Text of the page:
LA Jewish Symphony Play The Violins Of Hope At The Soraya Next Month

Dr. Green conducts the Los Angeles Jewish Symphony on Sunday, December 12 at 7pm. 

By: Nov. 09, 2021
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The Violins of Hope, a collection of rescued and restored musical instruments from the Holocaust, were on their way to Los Angeles when their journey was interrupted by the COVID-19 crisis. The Los Angeles Jewish Symphony, conducted by Dr. Noreen Green, was scheduled to perform with these historic instruments at The Soraya while the Violins of Hope were in residence in March 2020. Now, after almost a two-year delay, several of the Violins of Hope will make a triumphant return to The Soraya as Dr. Green conducts the Los Angeles Jewish Symphony on Sunday, December 12 at 7pm.

The program will feature violinist Lindsay Deutsch and cellist Barry Gold performing John Williams: Schindler's List Suite; Max Bruch: Kol Nidre; Ernest Bloch: Baal Shem: Three Pictures of Hassidic Life; and Sid Robinovitch: Suite for Klezmer Band and Orchestra.

Tickets for LA Jewish Symphony: Violins of Hope on Sunday, December 12 at 7:00 pm start at $41 and are available at and by calling 818-677-3000. The Soraya is located at 18111 Nordhoff Street, Northridge, CA 91330.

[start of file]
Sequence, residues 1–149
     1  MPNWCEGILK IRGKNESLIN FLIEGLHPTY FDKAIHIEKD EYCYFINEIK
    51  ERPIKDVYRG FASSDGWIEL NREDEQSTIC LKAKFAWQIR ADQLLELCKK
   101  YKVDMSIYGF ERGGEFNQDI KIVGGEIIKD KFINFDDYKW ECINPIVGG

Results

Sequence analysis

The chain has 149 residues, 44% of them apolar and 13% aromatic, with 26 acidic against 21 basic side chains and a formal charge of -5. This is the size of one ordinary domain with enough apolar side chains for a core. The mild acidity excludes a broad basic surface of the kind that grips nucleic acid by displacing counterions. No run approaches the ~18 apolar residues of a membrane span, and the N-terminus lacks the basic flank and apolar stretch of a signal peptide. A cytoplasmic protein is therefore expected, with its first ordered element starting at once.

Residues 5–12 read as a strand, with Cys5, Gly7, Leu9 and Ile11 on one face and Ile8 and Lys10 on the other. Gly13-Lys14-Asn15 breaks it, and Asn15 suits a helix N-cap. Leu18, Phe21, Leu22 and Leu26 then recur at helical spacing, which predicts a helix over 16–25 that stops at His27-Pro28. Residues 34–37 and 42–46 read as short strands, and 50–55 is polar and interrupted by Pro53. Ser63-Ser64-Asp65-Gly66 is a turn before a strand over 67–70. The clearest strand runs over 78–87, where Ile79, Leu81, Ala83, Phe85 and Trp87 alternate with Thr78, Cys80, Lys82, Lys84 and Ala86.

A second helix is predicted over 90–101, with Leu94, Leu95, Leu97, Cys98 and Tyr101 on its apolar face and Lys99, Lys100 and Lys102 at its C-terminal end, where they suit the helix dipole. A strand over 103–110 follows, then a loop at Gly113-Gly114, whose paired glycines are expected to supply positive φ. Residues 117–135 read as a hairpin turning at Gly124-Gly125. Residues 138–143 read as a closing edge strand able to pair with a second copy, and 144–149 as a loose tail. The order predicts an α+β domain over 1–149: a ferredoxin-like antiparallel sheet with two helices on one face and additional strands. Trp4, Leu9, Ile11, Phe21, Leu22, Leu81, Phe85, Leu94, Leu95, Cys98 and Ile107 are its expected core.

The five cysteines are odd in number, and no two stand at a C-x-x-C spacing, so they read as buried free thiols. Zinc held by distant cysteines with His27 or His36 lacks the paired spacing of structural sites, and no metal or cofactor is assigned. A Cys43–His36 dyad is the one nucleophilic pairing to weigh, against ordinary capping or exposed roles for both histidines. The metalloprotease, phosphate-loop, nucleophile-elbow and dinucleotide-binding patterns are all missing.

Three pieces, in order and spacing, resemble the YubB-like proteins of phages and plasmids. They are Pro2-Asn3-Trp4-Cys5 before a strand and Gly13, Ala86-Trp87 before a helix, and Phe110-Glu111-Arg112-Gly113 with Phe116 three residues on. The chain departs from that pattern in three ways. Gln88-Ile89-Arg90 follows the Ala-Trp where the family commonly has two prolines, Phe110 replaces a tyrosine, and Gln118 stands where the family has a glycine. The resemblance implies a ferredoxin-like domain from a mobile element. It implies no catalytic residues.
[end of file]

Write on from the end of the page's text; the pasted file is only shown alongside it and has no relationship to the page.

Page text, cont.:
"Suspending Violins of Hope activities in 2020 was heartbreaking for everyone who had come together around this extraordinary project - musicians, educators, philanthropists, elected officials, arts organizations, churches and synagogues, and the public at large," said Thor Steingraber, Executive and Artistic Director of The Soraya. "But now my heart is filled with joy as we finally welcome Dr. Green and the LAJS to perform their initial program, marking this as a celebration of perseverance and of music's power to transcend."

About Violins of Hope at The Soraya
Violins of Hope, an artistic and educational project, is composed of instruments that were owned by Jewish musicians before and during the Holocaust. Violins in the collection were played in the concentration camps and ghettos, providing a source of comfort for some and a means of survival for others. Above all, the instruments represented strength and optimism for the future during mankind's darkest hour. Wherever there was music, there was hope.

Amnon Weinstein and his son Avshalom, who founded the project, are Israeli luthiers who collect the instruments, refurbish them in their Jerusalem shop to concert quality, and bring them to communities all over the world. Violins of Hope has traveled to Madrid, Maastricht, Monaco, Rome, Berlin, London, Bucharest, Dachau, Dresden, and Auschwitz. In the United States, the project has been presented in Charlotte, Cleveland, Houston, Jacksonville, Sarasota, Washington, D.C., Cincinnati, Nashville, Birmingham, Knoxville, Phoenix, Louisville, Fort Wayne, and San Francisco.

LA Jewish Symphony Play The Violins Of Hope At The Soraya Next Month


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